VIOLA: Well, we really didn’t. I come from comics as well. I’ve been building comic books since back in 2010. I’ve released a number of comics via my publishing company, Hex Publishers, as well. We’re still writing a huge amount of words because we’re scripting — we’re writing the descriptions of each scene. So visually, the readers don’t see those words. But Ben is taking those words and translating them into some gorgeous artwork.

HODAPP: In my world of editing long-form fiction, the more I’ve done it, the longer I’ve done it, the more I’ve become very focused on ‘cut this out, cut this down, cut this down. Why is this here? This chapter is extraneous. It doesn’t do anything.’ Especially working with people who write horror, science fiction, fantasy — these kind of big worldbuilding types of genres, authors tend to overwrite. So when manuscripts come in from a client, and it’s 120,000 words, and we’re like ‘No, we’re not going to shop this until we’re down to about 85 or 90,000 words at the most.’ So my brain is always very focused on cut this, cut this, cut this. And then, over the years, I’ve really learned how to distill a story down to its simplest form, everything else can go. That was kind of a fun thing for me in writing the comics. Just to get to write a bare bones story. Ben does a great job of translating what was in our imaginations. It’s just stunning.

Can you say more about the process of matching your words with Ben’s art?

VIOLA: Obviously, it starts with our words and then Ben is transforming the words into visuals. I send a script to Ben, he reads it, processes it and sends me very rough, stick figure layouts. Then I go back and forth with him and make sense of how the composition works from panel to panel until we’re good. After that, he goes in and the real magic happens: line art, inks and colors.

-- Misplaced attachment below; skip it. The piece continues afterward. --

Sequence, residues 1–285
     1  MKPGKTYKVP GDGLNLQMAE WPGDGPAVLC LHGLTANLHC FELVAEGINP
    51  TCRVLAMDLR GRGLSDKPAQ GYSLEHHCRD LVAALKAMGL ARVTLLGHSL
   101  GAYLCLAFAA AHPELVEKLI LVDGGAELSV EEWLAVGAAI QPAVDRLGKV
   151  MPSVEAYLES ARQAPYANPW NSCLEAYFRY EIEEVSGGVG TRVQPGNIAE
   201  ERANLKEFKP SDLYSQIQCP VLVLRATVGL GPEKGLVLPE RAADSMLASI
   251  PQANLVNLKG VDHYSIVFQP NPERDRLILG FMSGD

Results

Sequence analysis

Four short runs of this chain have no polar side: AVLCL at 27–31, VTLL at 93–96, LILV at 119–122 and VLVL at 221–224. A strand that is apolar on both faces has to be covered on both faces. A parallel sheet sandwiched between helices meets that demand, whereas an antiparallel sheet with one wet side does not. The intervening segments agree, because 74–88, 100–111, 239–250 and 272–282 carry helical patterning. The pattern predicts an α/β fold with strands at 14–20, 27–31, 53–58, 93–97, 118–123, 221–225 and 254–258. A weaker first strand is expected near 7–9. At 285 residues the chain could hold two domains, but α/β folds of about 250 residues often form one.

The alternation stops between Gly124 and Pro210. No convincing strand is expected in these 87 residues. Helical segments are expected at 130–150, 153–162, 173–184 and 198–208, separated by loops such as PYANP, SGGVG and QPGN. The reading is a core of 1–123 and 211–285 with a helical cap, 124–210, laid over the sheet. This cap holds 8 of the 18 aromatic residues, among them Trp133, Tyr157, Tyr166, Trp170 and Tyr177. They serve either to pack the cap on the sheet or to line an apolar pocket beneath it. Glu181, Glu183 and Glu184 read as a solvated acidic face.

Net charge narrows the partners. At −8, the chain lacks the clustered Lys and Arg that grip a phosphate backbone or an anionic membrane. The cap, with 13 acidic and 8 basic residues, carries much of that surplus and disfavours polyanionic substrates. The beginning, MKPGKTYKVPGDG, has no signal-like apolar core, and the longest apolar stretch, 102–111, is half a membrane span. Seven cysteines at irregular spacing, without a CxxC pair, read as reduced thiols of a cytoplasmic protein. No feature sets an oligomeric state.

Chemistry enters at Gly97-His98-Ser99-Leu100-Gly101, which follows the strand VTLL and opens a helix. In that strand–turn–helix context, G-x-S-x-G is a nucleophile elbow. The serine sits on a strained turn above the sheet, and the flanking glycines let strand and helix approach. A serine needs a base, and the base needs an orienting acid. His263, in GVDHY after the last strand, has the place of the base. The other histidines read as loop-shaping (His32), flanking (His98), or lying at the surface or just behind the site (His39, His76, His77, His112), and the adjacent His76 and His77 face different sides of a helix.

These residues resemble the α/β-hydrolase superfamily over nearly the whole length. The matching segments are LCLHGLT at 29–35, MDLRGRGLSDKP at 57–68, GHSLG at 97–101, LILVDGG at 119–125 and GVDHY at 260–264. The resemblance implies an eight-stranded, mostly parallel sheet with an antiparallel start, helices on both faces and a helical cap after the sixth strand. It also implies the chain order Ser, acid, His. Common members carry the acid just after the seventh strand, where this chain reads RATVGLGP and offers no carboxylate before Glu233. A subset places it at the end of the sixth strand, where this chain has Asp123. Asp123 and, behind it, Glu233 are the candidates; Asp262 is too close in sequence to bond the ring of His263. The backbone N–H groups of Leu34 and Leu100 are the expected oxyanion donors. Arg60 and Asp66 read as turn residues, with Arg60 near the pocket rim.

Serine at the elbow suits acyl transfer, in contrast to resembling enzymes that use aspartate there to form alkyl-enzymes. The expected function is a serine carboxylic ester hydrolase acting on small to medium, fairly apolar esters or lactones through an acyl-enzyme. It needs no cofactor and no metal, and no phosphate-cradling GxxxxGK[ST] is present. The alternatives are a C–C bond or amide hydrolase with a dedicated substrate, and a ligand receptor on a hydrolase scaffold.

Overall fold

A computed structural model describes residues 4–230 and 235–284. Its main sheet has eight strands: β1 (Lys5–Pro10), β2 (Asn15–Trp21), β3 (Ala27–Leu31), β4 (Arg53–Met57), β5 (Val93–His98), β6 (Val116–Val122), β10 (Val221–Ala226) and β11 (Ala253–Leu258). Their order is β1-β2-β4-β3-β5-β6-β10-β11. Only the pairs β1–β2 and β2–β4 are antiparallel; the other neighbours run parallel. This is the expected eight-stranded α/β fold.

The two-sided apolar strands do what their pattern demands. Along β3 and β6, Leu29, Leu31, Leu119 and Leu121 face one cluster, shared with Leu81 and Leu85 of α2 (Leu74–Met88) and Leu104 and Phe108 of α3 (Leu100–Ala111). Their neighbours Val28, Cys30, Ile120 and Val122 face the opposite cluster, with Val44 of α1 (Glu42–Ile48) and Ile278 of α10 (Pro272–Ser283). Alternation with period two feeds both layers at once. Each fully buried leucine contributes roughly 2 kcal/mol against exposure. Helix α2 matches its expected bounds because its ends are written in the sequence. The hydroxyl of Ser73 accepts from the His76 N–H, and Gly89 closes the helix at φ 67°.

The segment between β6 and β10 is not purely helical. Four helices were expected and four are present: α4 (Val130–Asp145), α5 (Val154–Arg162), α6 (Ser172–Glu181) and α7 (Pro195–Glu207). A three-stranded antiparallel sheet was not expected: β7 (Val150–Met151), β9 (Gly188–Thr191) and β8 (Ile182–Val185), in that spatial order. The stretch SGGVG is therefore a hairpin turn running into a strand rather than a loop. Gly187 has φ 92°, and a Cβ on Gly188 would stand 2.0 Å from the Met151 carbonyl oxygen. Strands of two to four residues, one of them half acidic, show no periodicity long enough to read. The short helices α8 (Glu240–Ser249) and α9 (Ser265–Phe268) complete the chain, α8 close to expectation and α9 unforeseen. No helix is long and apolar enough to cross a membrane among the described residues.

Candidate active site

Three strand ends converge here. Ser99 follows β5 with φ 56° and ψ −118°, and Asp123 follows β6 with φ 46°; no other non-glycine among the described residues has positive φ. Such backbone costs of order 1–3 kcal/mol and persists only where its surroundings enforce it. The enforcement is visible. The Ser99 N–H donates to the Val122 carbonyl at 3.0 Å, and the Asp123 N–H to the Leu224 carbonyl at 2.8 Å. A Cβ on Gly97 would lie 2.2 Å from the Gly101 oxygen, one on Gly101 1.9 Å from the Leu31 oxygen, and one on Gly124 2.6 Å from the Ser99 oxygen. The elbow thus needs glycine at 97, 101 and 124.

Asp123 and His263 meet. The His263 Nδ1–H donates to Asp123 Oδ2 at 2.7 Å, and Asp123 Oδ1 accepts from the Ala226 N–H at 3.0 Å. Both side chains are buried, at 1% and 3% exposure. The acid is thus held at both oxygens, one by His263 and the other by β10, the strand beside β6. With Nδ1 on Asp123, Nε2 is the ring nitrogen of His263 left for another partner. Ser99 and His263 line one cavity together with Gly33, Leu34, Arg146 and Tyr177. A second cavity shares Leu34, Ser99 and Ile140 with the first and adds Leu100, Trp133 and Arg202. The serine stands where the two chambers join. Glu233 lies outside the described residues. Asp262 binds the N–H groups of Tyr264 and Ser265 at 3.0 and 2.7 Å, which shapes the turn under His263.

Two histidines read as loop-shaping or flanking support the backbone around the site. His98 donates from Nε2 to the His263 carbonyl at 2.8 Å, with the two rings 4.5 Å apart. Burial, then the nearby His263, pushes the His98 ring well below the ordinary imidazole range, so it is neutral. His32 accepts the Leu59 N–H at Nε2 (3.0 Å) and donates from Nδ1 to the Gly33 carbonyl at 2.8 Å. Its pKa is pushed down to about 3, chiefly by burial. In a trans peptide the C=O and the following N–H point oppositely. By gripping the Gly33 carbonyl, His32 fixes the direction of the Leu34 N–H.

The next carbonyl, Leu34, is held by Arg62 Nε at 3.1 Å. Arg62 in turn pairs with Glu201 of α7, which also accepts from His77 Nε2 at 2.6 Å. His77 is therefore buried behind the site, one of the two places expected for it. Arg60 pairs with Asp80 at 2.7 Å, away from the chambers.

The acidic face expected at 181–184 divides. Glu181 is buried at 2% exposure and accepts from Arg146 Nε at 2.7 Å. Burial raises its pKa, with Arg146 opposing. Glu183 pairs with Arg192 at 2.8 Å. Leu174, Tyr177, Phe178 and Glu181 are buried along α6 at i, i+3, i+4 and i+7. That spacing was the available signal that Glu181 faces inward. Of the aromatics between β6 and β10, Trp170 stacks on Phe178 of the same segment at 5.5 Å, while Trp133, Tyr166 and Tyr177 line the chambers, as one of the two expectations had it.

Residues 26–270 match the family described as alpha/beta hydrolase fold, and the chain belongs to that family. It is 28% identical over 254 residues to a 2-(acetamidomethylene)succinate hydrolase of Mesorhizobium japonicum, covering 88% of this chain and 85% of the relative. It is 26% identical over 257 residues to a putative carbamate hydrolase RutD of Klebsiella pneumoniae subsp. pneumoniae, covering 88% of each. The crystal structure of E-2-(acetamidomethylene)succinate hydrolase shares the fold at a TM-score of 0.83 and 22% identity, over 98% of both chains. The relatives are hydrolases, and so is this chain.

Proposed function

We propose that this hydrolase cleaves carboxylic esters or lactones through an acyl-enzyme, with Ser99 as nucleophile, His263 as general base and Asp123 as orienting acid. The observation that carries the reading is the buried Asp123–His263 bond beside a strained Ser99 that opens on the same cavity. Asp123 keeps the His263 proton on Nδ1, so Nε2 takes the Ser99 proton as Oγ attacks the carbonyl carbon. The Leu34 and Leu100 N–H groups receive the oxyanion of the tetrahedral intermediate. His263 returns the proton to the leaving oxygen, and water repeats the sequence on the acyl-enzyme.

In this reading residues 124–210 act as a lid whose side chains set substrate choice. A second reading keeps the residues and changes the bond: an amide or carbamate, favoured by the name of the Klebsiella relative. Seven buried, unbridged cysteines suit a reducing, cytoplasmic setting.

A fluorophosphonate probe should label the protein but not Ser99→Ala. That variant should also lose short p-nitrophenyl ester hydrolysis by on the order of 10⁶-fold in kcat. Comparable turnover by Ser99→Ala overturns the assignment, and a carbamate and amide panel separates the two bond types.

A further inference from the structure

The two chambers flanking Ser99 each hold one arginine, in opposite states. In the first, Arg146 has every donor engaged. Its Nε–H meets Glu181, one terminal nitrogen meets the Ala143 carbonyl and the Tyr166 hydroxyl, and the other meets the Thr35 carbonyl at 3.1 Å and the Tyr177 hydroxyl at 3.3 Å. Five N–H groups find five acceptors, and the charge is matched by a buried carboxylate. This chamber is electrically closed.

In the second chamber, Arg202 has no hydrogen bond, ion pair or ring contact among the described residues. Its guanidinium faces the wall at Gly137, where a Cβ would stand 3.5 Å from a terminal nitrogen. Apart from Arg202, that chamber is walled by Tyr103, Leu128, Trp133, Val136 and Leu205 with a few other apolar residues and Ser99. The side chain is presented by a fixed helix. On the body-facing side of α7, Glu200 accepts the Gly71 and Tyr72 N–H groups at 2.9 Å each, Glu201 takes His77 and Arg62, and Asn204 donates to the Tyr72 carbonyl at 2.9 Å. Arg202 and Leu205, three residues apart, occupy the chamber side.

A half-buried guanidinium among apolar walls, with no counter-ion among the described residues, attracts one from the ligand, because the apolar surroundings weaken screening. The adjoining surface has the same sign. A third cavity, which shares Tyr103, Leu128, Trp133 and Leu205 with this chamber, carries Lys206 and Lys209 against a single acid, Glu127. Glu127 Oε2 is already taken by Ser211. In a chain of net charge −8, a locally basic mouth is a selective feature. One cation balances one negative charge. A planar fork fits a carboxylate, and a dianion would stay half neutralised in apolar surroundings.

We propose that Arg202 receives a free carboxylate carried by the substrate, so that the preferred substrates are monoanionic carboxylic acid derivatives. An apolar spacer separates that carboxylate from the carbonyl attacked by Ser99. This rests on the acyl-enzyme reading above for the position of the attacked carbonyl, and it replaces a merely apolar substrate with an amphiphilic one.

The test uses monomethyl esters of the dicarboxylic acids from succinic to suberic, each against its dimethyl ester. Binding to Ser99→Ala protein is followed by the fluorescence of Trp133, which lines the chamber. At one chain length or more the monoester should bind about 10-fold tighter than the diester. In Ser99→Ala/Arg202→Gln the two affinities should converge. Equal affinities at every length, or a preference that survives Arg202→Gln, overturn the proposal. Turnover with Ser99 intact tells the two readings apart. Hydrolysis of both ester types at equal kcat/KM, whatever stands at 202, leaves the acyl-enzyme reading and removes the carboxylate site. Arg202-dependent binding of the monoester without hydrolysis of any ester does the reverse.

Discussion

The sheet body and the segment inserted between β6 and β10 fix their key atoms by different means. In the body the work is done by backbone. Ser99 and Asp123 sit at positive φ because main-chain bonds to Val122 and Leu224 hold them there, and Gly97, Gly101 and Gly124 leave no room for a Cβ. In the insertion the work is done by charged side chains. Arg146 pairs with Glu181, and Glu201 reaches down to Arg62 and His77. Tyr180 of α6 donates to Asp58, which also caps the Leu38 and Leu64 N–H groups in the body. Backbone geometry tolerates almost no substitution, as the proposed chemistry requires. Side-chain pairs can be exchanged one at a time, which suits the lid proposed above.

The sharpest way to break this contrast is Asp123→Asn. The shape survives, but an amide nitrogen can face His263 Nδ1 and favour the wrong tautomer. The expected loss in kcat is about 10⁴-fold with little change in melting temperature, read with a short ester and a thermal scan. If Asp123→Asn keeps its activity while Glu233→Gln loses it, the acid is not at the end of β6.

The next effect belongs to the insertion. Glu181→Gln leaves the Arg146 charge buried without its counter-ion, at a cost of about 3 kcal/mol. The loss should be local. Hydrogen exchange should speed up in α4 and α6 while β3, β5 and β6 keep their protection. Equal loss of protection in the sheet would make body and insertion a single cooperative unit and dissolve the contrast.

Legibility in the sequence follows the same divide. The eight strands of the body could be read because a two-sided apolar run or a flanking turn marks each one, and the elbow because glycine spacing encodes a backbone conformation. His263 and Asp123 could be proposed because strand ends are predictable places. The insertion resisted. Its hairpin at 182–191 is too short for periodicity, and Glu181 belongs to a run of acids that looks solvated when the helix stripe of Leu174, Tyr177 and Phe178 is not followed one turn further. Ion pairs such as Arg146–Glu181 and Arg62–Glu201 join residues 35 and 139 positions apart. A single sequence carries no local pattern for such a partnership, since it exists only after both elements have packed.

How long have you been working on this comic?

HODAPP: I think we started last July, laying down the outlines. And at first, it was just going to be two comic books. And then it was like ‘hey, maybe let’s do one for each hero! And hey! maybe let’s do another one for the villain! And maybe let’s make that a tripe issue!’ I think we realized it was going to be a cool project and wanted to do it right.

What advice do you have for those in the Unioverse community that might want to create their own comics?

HODAPP: I’d say just narrow the scope of the story. If you’re a new storyteller, generally, newer writers want to be big in scope. They want to write 12 volumes of their George R.R. Martin-esque fantasy, or their Neal Stevenson volumes of science fiction, right? I would recommend it’s a character in conflict. And they find some sort of resolution and that happens over the course of the narrative. If it’s a comic book, keep it simple. Keep it focused, keep that lens tight on this character. Why is this story this character’s story and nobody else’s story? And let that drive the plot.

VIOLA: I’ll just add that it’s important to find an artist you can collaborate well with, and vice versa. Make sure you can piggyback off of each other. Collaborations can be beautiful when there’s that chemistry between all of the people involved.

Unioverse comic books are available digitally or limited edition print runs at Hex Publishers.

If you want to create your own Unioverse comic, download official Unioverse assets, royalty-free!

If you want to find potential collaborators for a project, join the Unioverse Discord channel!